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ACLU sues Colorado sheriff over plan that allows deputies to make immigration arrests

Posted at 12:07 PM, Jun 27, 2019
and last updated 2019-06-28 00:50:46-04

TELLER COUNTY, Colo. – The American Civil Liberties Union is suing Teller County Sheriff Jason Mikesell over his plan that would allow for three of his deputies to make immigration-related arrests, arguing that the plan violates Colorado state law and the Colorado Constitution.

The lawsuit was filed Thursday morning in Teller County District Court, with six county residents named as plaintiffs, including Joanna Nash, a self-described conservative Republican now teaming up with the ACLU.

"I feel pretty strongly about my money being used wisely and not doing the federal government’s work. I think I pay enough federal taxes as it is," said Nash. "He [Mikesell] shouldn’t be spending my money on whatever his private agenda is."

The sheriff's program would be operated under a federal immigration statute known as 287(g), which allows certain local law enforcement officers to enforce immigration laws. The plan would require taxpayer money to train the deputies, the lawsuit said.

Last year, The El Paso County Sheriff's Office in Colorado Springs had been in the practice of holding prisoners past their release dates at ICE's request, but a judge in December ruled that the practice was unconstitutional, that the sheriff had no authority under state law to hold people once they have posted bond. El Paso County ended is 287 (g) agreement with ICE in 2015, citing "committment to fiscal responsibility."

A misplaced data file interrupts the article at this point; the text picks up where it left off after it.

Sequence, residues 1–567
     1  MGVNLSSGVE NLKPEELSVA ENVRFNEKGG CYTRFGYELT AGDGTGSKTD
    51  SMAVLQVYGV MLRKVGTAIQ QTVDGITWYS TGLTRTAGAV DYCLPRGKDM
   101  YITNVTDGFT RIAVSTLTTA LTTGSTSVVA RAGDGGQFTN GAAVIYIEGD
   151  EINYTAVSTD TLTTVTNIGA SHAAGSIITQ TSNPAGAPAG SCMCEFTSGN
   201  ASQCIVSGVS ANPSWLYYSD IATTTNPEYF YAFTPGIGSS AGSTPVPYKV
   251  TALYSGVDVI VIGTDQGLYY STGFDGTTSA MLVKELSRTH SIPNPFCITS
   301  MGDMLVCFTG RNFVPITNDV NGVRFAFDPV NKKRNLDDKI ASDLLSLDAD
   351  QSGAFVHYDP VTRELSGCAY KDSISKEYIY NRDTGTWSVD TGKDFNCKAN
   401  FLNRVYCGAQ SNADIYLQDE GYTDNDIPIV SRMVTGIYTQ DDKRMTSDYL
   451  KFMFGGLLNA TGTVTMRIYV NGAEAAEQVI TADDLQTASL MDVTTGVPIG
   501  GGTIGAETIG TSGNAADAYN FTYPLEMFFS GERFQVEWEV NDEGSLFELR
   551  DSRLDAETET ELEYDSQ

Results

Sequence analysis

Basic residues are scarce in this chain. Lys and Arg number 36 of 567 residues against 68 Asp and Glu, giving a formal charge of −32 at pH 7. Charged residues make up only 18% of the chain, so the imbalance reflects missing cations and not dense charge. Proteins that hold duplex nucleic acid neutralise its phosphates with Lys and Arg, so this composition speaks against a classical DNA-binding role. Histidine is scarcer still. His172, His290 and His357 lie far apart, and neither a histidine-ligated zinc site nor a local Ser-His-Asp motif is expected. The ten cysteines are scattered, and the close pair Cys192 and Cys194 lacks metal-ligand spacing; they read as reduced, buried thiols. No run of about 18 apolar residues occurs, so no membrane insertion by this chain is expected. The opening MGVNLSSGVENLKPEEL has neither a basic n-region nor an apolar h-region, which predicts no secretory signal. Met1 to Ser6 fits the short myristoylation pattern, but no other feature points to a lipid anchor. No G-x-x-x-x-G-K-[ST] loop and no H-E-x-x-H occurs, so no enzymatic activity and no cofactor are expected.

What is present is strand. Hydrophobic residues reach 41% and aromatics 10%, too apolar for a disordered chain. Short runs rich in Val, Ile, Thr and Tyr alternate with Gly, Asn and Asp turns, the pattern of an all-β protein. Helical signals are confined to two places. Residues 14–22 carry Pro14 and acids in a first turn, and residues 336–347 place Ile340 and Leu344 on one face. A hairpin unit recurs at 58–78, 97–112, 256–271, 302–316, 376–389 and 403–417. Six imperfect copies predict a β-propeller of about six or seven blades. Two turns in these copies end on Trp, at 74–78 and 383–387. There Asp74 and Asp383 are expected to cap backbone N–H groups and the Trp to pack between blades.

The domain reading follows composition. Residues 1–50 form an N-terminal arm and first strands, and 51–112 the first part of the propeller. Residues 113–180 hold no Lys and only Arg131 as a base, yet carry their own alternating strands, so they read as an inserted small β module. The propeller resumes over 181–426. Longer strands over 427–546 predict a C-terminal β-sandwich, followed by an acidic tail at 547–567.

In May, Gov. Jared Polis signed a law that says people suspected of being in the country illegally can't be kept in jail at the request of immigration officials.

"The new law expressly forbids the sheriff from arresting or detaining anyone for these civil violations of federal immigration law," said Mark Silverstein, legal director for ACLU of Colorado. "We say, you work for the state of Colorado — you are bound by Colorado law. He has no authority to violate the Colorado constitution, and he has no authority to hold people because they are suspected of immigration violations."

Silverstein said 287(g) agreements have been shown to increase profiling and may encourage officers to take some people into custody on a minor issue instead of simply issuing a summons because they suspect an immigration issue.

The Teller County lawsuit said the program also violates the Colorado state constitution, which requires that sheriffs release jail prisoners when they post bond or otherwise resolve their criminal cases.

"These constitutional commands apply even when federal immigration authorities suspect that the prisoner is removable from the country," the lawsuit said.

The Teller County Sheriff's Office released a statement on the lawsuit Thursday afternoon, saying it was still reviewing the lawsuit and would comment at a later time but "not specifically related to the contents of the litigation."